Top Two Legal Challenges to Gun Control

The Obama administration said new executive actions on gun control will withstand any legal challenge, a claim that might be put to the test by gun sellers, Second Amendment advocates or Republican lawmakers.

Legal experts say two areas are most ripe for challenges: Is the administration overstepping federal law as President Barack Obama seeks to expand which gun sellers must conduct background checks of buyers? And how will the administration handle a mental health component on background checks?

Republicans on Capitol Hill were quick to criticize the proposals, but some critics, including in the National Rifle Association, also hinted that the measures may not merit a challenge.

Obama said too many gun sales occur without background checks for buyers, particularly in private sales online and at gun shows. Gun control advocates have called on Congress to close that so-called loophole for years.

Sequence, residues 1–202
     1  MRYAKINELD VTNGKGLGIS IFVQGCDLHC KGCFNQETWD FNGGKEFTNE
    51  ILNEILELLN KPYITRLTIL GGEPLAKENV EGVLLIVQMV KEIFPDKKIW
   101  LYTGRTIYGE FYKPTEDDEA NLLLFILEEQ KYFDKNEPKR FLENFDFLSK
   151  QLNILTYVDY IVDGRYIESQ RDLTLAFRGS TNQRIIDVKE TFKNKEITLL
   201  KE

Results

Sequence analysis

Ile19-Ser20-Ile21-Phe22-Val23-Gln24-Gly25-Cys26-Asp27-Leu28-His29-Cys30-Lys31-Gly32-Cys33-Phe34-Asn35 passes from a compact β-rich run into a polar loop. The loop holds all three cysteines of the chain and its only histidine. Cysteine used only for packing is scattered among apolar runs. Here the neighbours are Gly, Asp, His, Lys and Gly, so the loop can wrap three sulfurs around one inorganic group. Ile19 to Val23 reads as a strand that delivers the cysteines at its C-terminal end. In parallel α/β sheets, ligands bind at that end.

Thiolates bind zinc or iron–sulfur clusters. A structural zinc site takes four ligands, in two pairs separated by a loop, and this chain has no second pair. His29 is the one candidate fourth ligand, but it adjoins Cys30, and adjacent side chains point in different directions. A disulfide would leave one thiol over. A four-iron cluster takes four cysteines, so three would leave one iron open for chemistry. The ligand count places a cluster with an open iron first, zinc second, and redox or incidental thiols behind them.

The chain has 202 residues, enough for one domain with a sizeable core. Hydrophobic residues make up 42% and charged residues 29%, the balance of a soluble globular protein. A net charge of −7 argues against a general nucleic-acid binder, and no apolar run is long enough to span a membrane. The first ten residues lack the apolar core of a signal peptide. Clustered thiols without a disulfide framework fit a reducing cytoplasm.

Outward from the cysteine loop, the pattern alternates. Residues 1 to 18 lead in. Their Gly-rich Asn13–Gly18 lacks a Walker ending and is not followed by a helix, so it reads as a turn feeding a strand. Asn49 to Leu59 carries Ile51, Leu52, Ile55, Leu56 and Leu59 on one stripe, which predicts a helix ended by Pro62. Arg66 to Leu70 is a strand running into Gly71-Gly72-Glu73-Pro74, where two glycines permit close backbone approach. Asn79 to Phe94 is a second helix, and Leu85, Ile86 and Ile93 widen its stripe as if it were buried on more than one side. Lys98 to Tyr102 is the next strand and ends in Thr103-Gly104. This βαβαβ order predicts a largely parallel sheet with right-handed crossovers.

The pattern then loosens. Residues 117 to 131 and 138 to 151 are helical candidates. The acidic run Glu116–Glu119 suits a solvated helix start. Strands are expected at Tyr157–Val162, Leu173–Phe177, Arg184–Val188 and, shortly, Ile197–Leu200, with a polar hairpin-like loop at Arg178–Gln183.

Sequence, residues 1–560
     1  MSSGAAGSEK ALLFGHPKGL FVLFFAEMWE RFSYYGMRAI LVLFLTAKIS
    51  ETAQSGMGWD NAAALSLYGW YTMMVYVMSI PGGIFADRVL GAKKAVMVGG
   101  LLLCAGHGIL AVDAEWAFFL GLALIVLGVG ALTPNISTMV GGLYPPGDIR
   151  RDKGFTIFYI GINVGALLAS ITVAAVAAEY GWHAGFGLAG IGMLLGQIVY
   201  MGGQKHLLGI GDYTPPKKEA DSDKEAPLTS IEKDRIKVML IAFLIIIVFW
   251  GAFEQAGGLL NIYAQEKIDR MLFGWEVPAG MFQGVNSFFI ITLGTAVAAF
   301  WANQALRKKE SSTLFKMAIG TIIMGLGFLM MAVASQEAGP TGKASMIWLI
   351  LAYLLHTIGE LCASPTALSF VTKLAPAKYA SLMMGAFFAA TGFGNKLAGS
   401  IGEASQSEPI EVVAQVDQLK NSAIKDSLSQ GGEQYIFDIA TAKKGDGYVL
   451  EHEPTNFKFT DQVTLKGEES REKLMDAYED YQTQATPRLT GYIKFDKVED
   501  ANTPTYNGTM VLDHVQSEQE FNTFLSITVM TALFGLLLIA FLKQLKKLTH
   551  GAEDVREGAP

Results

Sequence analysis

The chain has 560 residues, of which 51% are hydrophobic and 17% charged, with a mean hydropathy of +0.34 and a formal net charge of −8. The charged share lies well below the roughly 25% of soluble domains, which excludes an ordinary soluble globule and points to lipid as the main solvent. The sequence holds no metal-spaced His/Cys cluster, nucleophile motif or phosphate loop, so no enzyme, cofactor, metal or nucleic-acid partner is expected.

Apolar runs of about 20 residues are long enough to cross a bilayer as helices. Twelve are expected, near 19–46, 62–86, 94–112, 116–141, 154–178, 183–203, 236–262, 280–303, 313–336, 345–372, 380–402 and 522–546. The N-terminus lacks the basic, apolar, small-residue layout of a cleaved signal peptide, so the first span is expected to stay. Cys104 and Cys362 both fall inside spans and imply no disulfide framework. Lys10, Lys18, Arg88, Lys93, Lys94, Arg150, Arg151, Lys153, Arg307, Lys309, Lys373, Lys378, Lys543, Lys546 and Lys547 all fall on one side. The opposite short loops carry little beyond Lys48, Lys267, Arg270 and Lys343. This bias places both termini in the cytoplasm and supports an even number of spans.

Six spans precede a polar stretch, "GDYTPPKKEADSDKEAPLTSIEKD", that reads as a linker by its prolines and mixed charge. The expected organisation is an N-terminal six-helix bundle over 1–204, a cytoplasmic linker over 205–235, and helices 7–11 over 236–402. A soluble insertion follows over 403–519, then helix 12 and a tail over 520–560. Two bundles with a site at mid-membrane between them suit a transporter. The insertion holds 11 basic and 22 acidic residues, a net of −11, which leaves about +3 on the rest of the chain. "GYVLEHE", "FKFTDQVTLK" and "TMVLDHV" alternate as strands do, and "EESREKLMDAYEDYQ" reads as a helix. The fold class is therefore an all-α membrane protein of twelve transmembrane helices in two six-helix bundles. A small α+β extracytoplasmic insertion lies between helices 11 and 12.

One potential lawsuit could challenge how much federal regulators widen the scope of enforcement actions against people “engaged in the business” of gun sales who do not get licensed or do background checks.

The question is how the new actions align with the current law that requires some gun sellers to be licensed and do background checks, legal experts said. The statute (PL 90-618) specifically excludes from the requirements people who make “occasional sales” or purchases for a personal collection or hobby.

“If they take enforcement actions contrary to that statute, that’s a problem,” said John Malcolm, a fellow at The Heritage Foundation and a former deputy assistant attorney general at the Justice Department from 2001 to 2004.

The Obama administration didn't fully detail Tuesday how it would expand background checks for sellers. The White House said, however, that there is no specific threshold number of firearms that would trigger a seller to be licensed and to conduct background checks.